Gordon did a mean impression of Flip Wilson’s Geraldine. He did. I was always a sucker for a guy that could make me laugh. We were in sixth grade together and he was, of course he was, the class clown. He was a bit pudgy, had dark almost black hair, and big brown eyes. He was taller than me – another trait I like in a romantic partner. In sixth grade, it was hard come to find a boy my age that was taller than me.
We were stationed at Camp Lejeune but living in town. I was at a civilian school made up, primarily, of military brats. Jacksonville was a very small town with absolutely nothing but 40,000 Marines. My dad referred to it as the armpit of the world.
I play a wicked mean blues air guitar. Usually after one drink too many. I almost always say upon such occasions, “I could do it if I just knew how.” And I could. I really could. I’m convinced of it. So convinced of it, Santa asked me what I wanted one year and I said, “A guitar.”
Santa brought me a whole kit. Case, stand, picks, tuners, Guitar for Dummies, and other assorted accessories.
I couldn’t tune the damn thing. Tried and tried. I have a good ear, but I can’t figure out how to get the strings to the tension required. I turn the little screws things this way and that to no avail. I use the electronic tuner. I don’t think I’m doing it right.
In desperation, I cleaned my house and invited a musician friend and his wife to dinner. Told him he not only had to sing for his supper, he had to tune my guitar.
He did. He declared it not bad for a cheapie.
After they left, I tried some chords. Damn it’s hard. My old hands may be too arthritic to learn new muscle movements.
Thanksgiving is my favorite holiday. There is no gift giving, No real decorating to speak of unless you are Martha Stewart. Martha Stewart and I share a birthday. That’s about all we share.
I love Thanksgiving.
I cooked my first turkey when I was 15 or so. I wanted to learn. Easy peasy. Even bad turkey is good. I learned how to make gravy from the giblets. I already knew how to make bread and Grandma Emma’s chocolate bottom pie. I always have fresh cranberries for my mother. Roasted asparagus for my brother. Squash with sausage for my dad when he was still alive as well as cornbread dressing and regular dressing. In fact, dressing may be my favorite.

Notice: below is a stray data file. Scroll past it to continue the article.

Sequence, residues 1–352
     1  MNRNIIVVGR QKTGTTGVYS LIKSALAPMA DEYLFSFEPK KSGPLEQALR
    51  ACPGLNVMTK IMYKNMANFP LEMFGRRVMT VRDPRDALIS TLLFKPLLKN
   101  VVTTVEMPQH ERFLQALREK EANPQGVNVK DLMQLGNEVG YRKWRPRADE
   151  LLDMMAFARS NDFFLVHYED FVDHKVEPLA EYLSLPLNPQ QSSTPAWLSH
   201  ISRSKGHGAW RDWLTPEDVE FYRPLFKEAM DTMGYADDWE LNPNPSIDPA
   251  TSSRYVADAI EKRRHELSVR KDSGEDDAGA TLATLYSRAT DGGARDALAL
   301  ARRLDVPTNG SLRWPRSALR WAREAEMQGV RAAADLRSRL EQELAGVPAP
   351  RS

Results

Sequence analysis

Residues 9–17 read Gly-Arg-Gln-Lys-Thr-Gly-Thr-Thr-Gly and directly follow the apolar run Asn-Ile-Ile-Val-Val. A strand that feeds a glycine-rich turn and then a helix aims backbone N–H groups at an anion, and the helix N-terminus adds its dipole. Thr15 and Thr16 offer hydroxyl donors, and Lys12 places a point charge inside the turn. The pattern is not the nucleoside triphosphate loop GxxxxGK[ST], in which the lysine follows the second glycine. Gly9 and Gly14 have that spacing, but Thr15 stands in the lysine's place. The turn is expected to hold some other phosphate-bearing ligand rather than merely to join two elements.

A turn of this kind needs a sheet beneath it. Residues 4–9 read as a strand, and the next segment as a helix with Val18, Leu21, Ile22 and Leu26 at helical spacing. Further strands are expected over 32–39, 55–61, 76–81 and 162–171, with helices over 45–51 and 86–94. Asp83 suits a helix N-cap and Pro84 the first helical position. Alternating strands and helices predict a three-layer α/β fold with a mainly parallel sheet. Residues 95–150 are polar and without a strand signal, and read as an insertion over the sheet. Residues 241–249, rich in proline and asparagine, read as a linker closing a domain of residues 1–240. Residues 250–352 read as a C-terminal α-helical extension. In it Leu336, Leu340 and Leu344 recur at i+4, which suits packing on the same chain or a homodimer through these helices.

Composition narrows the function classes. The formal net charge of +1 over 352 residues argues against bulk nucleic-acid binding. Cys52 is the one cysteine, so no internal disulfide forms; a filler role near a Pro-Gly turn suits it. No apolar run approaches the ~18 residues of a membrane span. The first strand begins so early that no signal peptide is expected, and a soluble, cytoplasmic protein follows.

Of course, mashed potatoes and pumpkin pie. And Brussel sprouts. I vow each year to add corn pudding but haven’t yet. It’s already two full days of cooking and I’m getting old. There will be wine and everyone’s favorite soft beverage.
I was gifted with the experience of living in Hawaii for three years. I was 7 when we moved there and 10 when we left. I did not then realize what I had been given. I guess I thought everyone lived in paradise, but simultaneously I also knew I had lived somewhere special.
We left on January 10, 1970. It’s funny that I remember that date. Our last act in Hawaii was to go to the bank and withdraw all our money. While at the bank, my brother and I got on one another’s nerves. I poked him. He kicked me. And tore a hole in the lace of my very “gourmet” dress. I was incensed. I was quite the fan of the Galloping Gourmet, a television cooking show hosted by Graham Kerr who was more often than not drunk. Gourmet was the highest praise I could give anything.
Hawaii was gourmet.
We arrived in San Francisco a week later via ocean liner. The crossing had been rocky and my mother was inflicted with horrific sea sickness. My brother and I had been left to our own devices for the most part and had the run of the ship. I remember bits and pieces of that sailing, but the memories are not vivid like some of my memories of Hawaii. My mother describes disembarking in San Francisco as being like the Wizard of Oz in reverse. We went from technicolor to black and white.
I always vowed to go back, but not until I could do so with grace and style. Hawaii is horrifically expensive if one isn’t lucky enough to live in military housing with access to the commissary – the military’s grocery store.